Annoying summer flu: causes, symptoms and treatment

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Written By Kampretz Bianca

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The peak season for summer flu is – obviously – summer. However, the name is misleading in another way. The summer flu has nothing to do with the “real” flu (influenza), which is usually rampant in the winter. Both diseases are caused by viruses, but the summer flu is much easier than the flu. Summer colds are commonly called summer flu.

What are the symptoms of summer flu?

The symptoms of summer flu are similar to those of a simple cold: runny nose, cough, sometimes sore throat, possibly mild fever, body aches and fatigue. The disease develops slowly and symptoms appear gradually.

What are the symptoms of a “real” flu?

The flu, the “real” flu, starts suddenly. Suddenly you feel very bad. Typical symptoms of the flu are: fever, cough, sore throat, headache and body aches. You feel very bad. Flu waves, i.e. periods with increased flu activity, usually begin in January and last three to four months. Cases of the flu are very rare in the summer because the viruses are sensitive to ultraviolet light and heat.

How do you get infected with the summer flu?

There are more than 200 different viruses that can cause a cold – also known as the flu. In winter, rhinoviruses are usually the most common trigger for a cold. However, in summer, so-called enteroviruses increasingly come into play. They are considered summer flu triggers. These pathogens multiply in the intestines and are excreted into the toilet in feces. Due to poor hygiene, they are transmitted by smear infection when shaking hands or eating. In addition to summer flu, pathogens can also cause foot and mouth disease, myocarditis, pneumonia and other diseases.

If you have cold symptoms – also test for Corona

Even though there are no longer corona protection measures, the virus has not disappeared. Since the symptoms can be similar to those of a cold or summer flu, you should always consider the possibility of a corona infection. A Test can detect coronavirus.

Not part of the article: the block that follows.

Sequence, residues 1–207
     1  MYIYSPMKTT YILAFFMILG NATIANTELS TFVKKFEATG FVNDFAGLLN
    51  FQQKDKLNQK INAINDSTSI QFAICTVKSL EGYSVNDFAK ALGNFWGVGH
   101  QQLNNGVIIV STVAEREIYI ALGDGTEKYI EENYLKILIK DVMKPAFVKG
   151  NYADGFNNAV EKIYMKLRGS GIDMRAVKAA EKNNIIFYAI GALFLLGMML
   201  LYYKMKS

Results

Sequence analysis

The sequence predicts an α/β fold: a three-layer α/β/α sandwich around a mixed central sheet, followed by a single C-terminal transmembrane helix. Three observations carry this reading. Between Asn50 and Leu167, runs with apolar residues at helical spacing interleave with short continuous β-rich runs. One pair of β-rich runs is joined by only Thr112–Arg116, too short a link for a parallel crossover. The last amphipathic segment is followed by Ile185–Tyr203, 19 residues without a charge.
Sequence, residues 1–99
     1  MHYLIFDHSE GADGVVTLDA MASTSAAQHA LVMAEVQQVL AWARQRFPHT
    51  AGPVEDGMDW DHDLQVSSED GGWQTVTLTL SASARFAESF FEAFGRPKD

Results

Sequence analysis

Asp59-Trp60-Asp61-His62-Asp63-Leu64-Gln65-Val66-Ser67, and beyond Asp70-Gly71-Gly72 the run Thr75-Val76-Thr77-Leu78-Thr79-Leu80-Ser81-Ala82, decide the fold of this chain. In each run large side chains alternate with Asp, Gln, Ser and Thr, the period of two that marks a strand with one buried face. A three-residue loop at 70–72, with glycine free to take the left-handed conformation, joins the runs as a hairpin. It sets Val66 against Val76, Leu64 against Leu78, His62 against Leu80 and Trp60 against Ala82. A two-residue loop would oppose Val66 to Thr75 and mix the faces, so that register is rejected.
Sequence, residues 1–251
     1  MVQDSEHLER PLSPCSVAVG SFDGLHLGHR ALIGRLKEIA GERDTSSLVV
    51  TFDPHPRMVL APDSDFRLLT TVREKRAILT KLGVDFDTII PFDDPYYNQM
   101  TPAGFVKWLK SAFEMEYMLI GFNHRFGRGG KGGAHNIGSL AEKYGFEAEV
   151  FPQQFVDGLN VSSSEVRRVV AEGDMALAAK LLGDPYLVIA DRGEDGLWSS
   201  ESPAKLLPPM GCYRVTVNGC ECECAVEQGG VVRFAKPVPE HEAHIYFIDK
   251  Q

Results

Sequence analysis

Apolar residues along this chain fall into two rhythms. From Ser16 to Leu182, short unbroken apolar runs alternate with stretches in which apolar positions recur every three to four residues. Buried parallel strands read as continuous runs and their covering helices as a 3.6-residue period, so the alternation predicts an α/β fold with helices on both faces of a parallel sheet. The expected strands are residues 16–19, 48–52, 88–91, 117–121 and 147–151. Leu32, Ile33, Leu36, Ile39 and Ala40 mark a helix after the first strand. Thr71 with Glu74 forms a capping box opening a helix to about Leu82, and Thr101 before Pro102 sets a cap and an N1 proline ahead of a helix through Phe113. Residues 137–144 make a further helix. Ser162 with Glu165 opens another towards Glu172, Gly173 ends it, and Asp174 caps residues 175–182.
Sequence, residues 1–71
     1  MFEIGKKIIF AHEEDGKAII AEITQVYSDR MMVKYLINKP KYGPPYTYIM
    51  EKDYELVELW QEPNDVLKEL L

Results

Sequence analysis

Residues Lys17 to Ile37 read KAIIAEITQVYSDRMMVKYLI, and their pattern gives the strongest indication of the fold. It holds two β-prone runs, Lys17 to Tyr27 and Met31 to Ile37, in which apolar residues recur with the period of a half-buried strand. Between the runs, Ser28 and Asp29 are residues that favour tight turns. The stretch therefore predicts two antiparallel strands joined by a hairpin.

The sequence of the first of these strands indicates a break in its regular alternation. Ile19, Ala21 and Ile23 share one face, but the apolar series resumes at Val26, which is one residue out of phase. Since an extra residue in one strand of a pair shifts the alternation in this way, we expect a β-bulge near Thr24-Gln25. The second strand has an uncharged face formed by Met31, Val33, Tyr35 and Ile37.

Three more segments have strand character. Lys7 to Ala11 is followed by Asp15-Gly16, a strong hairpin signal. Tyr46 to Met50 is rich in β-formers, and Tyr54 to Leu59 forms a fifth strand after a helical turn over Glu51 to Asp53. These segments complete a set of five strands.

How to treat summer flu?

Even with all caution, the summer flu cannot always be avoided. If the virus has already struck, the tips below may provide relief. Unfortunately, there is no medicine that can shorten the summer flu. Antibiotics also don’t work because they only act on bacteria. The immune system has to fight a viral infection on its own, and you can only support it.

This is how you can alleviate symptoms

  • Physical protection: You should stay in bed and rest for at least the first two days. Even after that, if you are outdoors, it is best to stay in the shade.
  • Heavy sweating and diarrhea can upset your electrolyte balance, but a spicy soup will balance that out.
  • It is very important to drink plenty of water because it supports the immune system. The mucus can be dissolved better. Herbal tea spritzers and fruit juices are ideal, but not iced.
  • Inhalations help moisten mucous membranes and remove mucus.
  • Rinse your nose with salt water – this reduces the swelling of the nasal mucous membranes more gently than with a nasal spray.
  • To support the immune system, you should eat fresh fruits because the vitamins support the immune system.
  • Suck on throat sweets and gargle with sage tea – this soothes the throat and relieves inflammation.